Although Gary Gilmore had a pitiful life, it was enough of an American story gone bad to give Normal Mailer a platform for a grand, strange, utterly compelling book: The Executioner's Song
, published in 1979. Mailer's literary collaborator, Lawrence Schiller, made the book into a TV-movie (with Mailer scripting), a landmark for its frankness and the general excellence of its acting. Gilmore is brought to vivid life by Tommy Lee Jones, who electrified audiences with his insightful work (this, coming shortly after Coal Miner's Daughter
, was one of the roles that really put Jones on the map). Even more revelatory was Rosanna Arquette, virtually unknown at the time, whose role as Gilmore's girlfriend and "guardian angel" instantly put her on the A-list. The heat the two actors generate goes a long way toward establishing their unholy bond, credibility the film absolutely needs in order to work; watch them in an early scene where Gilmore describes the mystical nature of their connection, and you see two actors working at an uncanny level. The approach overall is plain, but that might be why the movie is so effective. This version, advertised as the "Director's Cut," is a curious amalgam of the movie's other versions; the original U.S. TV cut, which stretched out over two nights, and a European cut that included nudity and unexpurgated language. This one is 135 minutes long, has the language, but not the nudity--a swifter-moving entity than either of the previous films. It can't really be called a definitive issue, although the power of the material still comes through. --Robert Horton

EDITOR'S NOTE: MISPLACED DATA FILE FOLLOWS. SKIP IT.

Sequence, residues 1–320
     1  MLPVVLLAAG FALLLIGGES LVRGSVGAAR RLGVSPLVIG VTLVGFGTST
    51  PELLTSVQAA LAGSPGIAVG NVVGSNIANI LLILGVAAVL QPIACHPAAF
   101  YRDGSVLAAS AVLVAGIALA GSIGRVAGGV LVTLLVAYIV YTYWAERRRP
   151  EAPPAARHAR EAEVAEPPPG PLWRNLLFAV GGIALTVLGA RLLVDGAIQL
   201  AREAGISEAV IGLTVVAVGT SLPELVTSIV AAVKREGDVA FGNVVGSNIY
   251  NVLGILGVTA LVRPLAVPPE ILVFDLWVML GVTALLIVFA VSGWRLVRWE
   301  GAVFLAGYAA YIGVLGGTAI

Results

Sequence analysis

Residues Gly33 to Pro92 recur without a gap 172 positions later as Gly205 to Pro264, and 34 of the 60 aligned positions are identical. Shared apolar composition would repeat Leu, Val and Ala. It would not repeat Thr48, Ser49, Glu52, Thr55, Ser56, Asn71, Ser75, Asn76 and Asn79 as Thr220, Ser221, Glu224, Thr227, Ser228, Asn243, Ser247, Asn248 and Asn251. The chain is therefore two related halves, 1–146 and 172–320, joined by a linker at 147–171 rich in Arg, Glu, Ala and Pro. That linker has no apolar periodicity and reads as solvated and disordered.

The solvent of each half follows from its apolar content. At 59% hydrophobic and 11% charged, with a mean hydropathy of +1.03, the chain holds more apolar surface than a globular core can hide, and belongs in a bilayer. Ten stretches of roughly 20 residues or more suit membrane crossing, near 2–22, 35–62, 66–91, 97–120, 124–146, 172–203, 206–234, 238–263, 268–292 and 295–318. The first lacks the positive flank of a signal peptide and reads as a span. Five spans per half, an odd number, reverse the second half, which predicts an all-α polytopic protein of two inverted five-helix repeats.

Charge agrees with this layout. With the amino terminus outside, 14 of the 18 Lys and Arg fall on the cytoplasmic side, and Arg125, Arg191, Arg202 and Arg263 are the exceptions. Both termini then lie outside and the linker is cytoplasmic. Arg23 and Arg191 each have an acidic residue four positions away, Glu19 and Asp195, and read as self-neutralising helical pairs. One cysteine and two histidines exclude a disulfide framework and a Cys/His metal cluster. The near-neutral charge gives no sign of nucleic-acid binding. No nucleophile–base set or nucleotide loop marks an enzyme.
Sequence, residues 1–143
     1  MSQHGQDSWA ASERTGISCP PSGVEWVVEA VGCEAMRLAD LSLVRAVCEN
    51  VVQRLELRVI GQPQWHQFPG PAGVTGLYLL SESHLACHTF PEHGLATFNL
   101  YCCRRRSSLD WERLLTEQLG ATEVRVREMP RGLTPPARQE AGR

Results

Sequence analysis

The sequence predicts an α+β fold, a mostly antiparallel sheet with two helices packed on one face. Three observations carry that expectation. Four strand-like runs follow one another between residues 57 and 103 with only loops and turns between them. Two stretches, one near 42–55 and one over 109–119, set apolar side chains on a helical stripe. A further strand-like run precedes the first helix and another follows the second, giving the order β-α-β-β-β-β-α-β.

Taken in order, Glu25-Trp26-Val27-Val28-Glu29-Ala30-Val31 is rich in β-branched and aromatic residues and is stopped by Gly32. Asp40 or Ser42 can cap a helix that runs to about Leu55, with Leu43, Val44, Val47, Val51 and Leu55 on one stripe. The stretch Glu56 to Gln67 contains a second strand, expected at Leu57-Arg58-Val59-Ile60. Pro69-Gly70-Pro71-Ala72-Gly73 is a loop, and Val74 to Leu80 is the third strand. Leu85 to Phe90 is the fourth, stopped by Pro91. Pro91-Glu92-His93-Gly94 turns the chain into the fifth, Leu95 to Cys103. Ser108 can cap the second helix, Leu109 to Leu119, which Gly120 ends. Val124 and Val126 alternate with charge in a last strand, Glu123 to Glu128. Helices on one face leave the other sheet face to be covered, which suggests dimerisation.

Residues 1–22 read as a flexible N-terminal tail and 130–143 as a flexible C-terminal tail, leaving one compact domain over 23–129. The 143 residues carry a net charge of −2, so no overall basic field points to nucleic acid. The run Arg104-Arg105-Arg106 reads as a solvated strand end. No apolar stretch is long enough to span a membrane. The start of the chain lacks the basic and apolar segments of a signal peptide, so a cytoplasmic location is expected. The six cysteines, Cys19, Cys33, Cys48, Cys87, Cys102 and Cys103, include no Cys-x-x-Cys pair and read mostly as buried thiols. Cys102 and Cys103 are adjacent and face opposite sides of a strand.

Tommy Lee Jones, Rosanna Arquette. The debate over capital punishment rages on with the story of Gary Mark Gilmore, the first man to be executed after the death penalty was reinstated in 1976. Jones turns in an Emmy-winning performance as Gilmore, who insists that his execution by firing squad be carried out. Based on Norman Mailer's Pulitzer Prize-winning novel. 1982/color/3 hrs., 8 min/NR/fullscreen.